Visual cortex prostheses and neurotechnology

Communicating with the brain via a neuroprosthesis is a challenging endeavour. On the technological side, it is difficult to establish reliable and long-lasting interfaces to neurons and neuron populations, and it is even more demanding to selectively activate specific target cells or cell assemblies. But even if these technical issues could be solved, there is a computational problem which is often neglected, but of equal importance:

Mosaic Patterns
Understanding what’s going on in cortex: Modelling transient, patterned activation states in the visual system.

Ongoing activtiy and the language of the brain

With increasing distance from the sensory periphery, neural representations are more and more shaped by the ongoing computations in brain networks. For knowing where and when to stimulate, or for interpreting neural activities correctly, one has to understand the ‘language’ of the brain. For improving neuroprostheses, we believe it to be essential to better understand that language, in particular if one is targeting brain areas in visual cortex. Furthermore, it is important to listen what is already going on in brain networks, and to tailor neurostimulation to that on-going activity rather than forcefully trying to ‘overwrite’ these activation states.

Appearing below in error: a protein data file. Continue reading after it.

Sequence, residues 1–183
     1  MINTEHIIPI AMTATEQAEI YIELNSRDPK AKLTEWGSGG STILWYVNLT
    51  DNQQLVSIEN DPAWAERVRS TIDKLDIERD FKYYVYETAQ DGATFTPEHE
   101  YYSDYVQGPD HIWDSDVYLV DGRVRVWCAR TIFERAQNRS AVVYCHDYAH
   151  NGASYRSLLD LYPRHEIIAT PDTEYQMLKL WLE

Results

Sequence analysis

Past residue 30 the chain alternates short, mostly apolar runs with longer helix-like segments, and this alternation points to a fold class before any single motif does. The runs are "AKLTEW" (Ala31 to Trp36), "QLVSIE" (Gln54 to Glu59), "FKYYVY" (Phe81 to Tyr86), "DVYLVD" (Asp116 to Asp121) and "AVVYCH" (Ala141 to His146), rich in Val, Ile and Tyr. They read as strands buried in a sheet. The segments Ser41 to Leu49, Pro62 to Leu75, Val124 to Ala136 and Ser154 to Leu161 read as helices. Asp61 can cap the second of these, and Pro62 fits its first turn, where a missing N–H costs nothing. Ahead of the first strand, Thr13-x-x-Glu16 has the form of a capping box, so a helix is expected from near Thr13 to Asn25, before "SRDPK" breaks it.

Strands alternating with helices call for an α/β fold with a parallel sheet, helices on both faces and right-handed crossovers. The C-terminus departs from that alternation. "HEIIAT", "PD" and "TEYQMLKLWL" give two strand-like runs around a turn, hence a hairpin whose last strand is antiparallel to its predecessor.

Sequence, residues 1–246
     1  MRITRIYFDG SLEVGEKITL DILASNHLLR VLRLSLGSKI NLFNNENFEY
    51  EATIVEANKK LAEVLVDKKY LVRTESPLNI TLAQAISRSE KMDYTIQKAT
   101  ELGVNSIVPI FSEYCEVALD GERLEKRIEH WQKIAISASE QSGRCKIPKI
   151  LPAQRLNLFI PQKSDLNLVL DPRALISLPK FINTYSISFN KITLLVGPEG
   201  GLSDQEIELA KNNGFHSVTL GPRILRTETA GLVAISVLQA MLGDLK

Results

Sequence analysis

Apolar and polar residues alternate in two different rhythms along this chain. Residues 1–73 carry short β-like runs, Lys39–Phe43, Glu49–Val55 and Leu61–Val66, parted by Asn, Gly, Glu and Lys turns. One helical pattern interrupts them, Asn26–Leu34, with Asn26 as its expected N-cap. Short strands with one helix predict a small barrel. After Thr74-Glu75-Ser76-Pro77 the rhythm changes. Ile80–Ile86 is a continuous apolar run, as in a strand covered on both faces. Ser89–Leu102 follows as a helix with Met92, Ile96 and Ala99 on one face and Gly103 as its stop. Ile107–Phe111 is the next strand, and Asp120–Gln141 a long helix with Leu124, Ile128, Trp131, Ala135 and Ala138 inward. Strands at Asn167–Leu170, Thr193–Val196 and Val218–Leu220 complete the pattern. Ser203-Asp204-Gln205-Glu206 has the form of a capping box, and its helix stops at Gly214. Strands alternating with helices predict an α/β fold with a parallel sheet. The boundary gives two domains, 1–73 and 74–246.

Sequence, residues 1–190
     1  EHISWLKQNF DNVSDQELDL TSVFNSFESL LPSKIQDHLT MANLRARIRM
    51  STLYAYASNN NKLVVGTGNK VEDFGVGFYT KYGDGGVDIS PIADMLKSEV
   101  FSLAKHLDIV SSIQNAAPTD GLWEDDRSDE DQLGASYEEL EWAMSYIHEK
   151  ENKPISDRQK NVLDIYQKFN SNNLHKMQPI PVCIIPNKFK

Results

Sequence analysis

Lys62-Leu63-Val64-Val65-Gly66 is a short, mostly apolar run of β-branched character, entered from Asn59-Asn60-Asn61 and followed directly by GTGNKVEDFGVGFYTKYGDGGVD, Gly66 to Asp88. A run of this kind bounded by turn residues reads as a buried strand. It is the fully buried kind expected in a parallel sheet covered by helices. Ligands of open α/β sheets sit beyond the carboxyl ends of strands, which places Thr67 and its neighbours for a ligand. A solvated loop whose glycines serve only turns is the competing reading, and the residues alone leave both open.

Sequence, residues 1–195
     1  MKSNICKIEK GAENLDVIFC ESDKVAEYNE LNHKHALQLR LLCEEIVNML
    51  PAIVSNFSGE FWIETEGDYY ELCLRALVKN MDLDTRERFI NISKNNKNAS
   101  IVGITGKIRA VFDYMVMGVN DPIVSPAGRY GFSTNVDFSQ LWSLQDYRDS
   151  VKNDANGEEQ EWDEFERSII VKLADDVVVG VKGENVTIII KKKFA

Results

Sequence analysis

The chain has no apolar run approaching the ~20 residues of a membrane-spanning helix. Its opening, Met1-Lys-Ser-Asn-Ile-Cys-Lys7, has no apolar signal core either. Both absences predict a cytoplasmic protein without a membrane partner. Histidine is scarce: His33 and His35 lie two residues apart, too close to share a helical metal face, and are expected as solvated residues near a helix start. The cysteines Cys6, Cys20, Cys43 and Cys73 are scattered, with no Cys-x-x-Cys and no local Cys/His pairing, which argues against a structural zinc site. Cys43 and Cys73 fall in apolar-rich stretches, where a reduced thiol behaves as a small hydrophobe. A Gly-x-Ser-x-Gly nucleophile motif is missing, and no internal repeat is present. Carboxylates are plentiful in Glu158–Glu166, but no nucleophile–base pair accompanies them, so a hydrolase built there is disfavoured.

ISee Scheme
Improving communication with the brain: The I-See framework for bi-directional visual cortex prostheses.

I-See: Improving visual cortex prostheses for the blind

For bringing these theoretical ideas to fruition, we are collaborating with an international group of scientists to develop better cortical visual prostheses for the blind. For further information, see the “I-See” project homepage.